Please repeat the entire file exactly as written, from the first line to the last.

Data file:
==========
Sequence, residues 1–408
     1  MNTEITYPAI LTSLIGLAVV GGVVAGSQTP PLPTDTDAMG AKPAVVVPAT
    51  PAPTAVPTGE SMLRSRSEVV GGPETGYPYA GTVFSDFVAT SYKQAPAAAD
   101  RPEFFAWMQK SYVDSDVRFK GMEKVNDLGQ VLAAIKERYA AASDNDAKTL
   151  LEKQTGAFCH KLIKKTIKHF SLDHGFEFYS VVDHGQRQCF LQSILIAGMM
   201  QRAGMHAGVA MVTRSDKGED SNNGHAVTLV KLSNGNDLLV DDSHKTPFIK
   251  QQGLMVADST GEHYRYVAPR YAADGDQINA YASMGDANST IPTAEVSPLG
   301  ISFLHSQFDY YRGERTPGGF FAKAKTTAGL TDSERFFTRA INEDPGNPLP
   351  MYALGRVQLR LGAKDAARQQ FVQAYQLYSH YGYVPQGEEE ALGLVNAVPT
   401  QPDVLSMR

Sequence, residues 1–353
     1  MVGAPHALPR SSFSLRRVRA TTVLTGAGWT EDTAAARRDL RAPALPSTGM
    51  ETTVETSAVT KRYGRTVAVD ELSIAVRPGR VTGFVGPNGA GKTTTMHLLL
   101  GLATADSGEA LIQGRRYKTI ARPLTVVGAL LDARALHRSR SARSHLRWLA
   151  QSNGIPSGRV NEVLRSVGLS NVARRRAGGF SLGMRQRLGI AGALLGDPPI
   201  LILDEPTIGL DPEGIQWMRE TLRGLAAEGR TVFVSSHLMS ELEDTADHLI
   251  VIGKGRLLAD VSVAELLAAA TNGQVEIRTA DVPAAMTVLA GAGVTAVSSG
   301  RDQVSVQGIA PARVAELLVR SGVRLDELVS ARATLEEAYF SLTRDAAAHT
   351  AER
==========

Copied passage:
Sequence, residues 1–408
     1  MNTEITYPAI LTSLIGLAVV GGVVAGSQTP PLPTDTDAMG AKPAVVVPAT
    51  PAPTAVPTGE SMLRSRSEVV GGPETGYPYA GTVFSDFVAT SYKQAPAAAD
   101  RPEFFAWMQK SYVDSDVRFK GMEKVNDLGQ VLAAIKERYA AASDNDAKTL
   151  LEKQTGAFCH KLIKKTIKHF SLDHGFEFYS VVDHGQRQCF LQSILIAGMM
   201  QRAGMHAGVA MVTRSDKGED SNNGHAVTLV KLSNGNDLLV DDSHKTPFIK
   251  QQGLMVADST GEHYRYVAPR YAADGDQINA YASMGDANST IPTAEVSPLG
   301  ISFLHSQFDY YRGERTPGGF FAKAKTTAGL TDSERFFTRA INEDPGNPLP
   351  MYALGRVQLR LGAKDAARQQ FVQAYQLYSH YGYVPQGEEE ALGLVNAVPT
   401  QPDVLSMR

Sequence, residues 1–353
     1  MVGAPHALPR SSFSLRRVRA TTVLTGAGWT EDTAAARRDL RAPALPSTGM
    51  ETTVETSAVT KRYGRTVAVD ELSIAVRPGR VTGFVGPNGA GKTTTMHLLL
   101  GLATADSGEA LIQGRRYKTI ARPLTVVGAL LDARALHRSR SARSHLRWLA
   151  QSNGIPSGRV NEVLRSVGLS NVARRRAGGF SLGMRQRLGI AGALLGDPPI
   201  LILDEPTIGL DPEGIQWMRE TLRGLAAEGR TVFVSSHLMS ELEDTADHLI
   251  VIGKGRLLAD VSVAELLAAA TNGQVEIRTA DVPAAMTVLA GAGVTAVSSG
   301  RDQVSVQGIA PARVAELLVR SGVRLDELVS ARATLEEAYF SLTRDAAAHT
   351  AER